What’s the real return on your investments?

 
What's the real return on your investments?As an investor, you probably pay attention to nominal return, which is the percentage increase or decrease in the value of an investment over a given period of time, usually expressed as an annual return. However, to estimate actual income or growth potential in order to target financial goals — for example, a certain level of retirement income — it’s important to consider the effects of taxes and inflation. The remaining increase or decrease is your real return.
 

Let’s say you want to purchase a bank-issued certificate of deposit (CD) because you like the lower risk and fixed interest rate that a CD can offer. Rates on CDs have risen, and you might find a two- or three-year CD that offers as much as 3% interest. That could be appealing, but if you’re taxed at the 22% federal income tax rate, roughly 0.66% will be gobbled up by federal income tax on the interest. Continue reading

Time for a Mid-Year Investment Check

 
Time for a Mid-Year Investment CheckMany investors may be inclined to review their portfolios only when markets hit a rough patch, but careful planning is essential in all economic climates. So whether the markets are up or down, periodically reviewing your portfolio with your financial professional can be an excellent way to keep your investments on track, and midway through the year is a good time for a checkup. Here are three questions to consider.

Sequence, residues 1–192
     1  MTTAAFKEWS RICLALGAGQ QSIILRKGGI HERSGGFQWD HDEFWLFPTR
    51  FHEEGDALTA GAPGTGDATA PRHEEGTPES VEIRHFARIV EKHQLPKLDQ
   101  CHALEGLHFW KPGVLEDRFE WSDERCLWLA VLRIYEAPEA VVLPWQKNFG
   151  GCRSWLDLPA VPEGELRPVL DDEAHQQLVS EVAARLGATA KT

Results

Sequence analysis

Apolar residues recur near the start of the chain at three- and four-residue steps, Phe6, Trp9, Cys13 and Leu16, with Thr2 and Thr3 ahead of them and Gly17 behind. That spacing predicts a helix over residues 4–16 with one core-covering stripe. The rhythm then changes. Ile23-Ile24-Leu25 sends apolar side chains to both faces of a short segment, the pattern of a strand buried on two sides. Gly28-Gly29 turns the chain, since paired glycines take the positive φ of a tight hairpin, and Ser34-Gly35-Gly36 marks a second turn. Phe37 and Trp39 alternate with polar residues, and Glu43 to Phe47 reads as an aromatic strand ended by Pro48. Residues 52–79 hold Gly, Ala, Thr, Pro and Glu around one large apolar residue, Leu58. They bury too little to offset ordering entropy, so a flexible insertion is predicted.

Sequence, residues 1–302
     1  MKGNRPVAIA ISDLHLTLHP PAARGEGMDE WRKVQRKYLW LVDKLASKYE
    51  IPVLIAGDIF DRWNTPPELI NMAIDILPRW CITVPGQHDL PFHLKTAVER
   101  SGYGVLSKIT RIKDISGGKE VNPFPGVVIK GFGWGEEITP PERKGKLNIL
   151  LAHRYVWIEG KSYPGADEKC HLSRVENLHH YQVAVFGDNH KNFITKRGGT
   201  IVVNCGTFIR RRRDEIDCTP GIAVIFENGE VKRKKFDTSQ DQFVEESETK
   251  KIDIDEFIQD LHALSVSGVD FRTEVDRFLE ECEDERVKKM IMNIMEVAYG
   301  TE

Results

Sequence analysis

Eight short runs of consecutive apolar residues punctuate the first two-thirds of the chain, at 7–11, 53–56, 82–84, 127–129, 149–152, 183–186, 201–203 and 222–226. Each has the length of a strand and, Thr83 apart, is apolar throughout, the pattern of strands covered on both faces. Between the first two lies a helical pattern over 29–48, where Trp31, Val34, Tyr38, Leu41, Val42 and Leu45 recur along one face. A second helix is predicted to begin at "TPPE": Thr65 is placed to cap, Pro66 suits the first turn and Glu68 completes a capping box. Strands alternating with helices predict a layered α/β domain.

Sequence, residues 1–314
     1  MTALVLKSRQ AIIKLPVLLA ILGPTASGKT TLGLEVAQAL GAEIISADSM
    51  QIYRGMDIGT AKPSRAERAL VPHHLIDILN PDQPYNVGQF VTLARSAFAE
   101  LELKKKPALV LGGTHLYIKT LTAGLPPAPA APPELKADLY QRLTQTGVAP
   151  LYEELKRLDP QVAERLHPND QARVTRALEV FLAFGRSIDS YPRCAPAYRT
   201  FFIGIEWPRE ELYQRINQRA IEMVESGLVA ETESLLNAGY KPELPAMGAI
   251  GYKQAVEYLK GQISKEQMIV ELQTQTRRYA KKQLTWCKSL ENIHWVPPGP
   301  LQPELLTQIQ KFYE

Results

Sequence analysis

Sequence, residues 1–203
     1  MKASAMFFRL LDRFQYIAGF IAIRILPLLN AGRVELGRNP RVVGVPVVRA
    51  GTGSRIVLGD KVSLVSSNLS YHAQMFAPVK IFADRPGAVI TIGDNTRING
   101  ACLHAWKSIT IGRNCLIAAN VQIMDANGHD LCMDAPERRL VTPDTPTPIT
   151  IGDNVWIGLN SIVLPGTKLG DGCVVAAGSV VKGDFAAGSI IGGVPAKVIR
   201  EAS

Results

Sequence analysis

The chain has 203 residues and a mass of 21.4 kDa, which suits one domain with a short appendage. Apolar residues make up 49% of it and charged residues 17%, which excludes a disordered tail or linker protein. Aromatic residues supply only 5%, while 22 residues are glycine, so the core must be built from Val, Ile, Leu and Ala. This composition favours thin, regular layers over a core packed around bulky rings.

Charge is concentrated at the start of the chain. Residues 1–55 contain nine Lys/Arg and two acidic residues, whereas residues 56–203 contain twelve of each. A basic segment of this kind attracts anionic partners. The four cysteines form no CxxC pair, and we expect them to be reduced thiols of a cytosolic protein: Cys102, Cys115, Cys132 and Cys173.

1. How have my investments performed so far this year?

Continue reading

Mergers & Acquisitions: What’s in the Deal for Investors?

 
Mergers & Acquisitions: What's in the Deal for Investors? Merger and acquisition (M&A) activity in North America and Europe reached its second highest level on record in 2018. There were 19,501 deals worth $3.6 trillion — a 6.3% increase in deal volume over 2017. There was also a rise in mega deals exceeding $10 billion.1
 
Collectively, U.S. corporations had plenty of cash to spend after a long string of solid profits and a significant tax cut.2 High stock prices also provided plenty of equity for deals involving the exchange of stock, while relatively-low borrowing costs made it possible to finance acquisitions. Continue reading

Test Your Investing IQ

 
Test Your Investing IQ

How much do you know about market basics? Put your investing IQ to the test with this quiz on stocks, bonds, and mutual funds.

 

Questions

 

1. What does it mean to buy stock in a company?

   a. The investor loans money to the company

   b. The investor becomes a part owner of the company

   c. The investor is liable for the company’s debts

 

2. Which of the following statements about stock indexes is correct?

   a. A stock index is an indicator of stock price movements

   b. There are many different types of stock indexes

   c. They can be used as benchmarks to compare the performance of an individual investment to a group of its peers

   d. All of the above

 

3. What is a bond?

   a. An equity security

   b. A nonnegotiable note

   c. A debt investment in which an investor loans money to an entity

 

4. What kind of bond pays no periodic interest?

   a. Zero-coupon

   b. Floating-rate

   c. Tax-exempt

 

5. What is a mutual fund?

   a. A portfolio of securities assembled by an investment company

   b. An investment technique of buying a fixed dollar amount of a particular investment regularly

   c. A legal document that provides details about an investment

 

6. What is the difference between mutual fund share classes?

   a. The investment advisers responsible for managing each class

   b. The investments each class makes

   c. The fees and expenses charged by each fund class

 

Continue reading

BrokerCheck

Newsletter Subscription

  • This field is for validation purposes and should be left unchanged.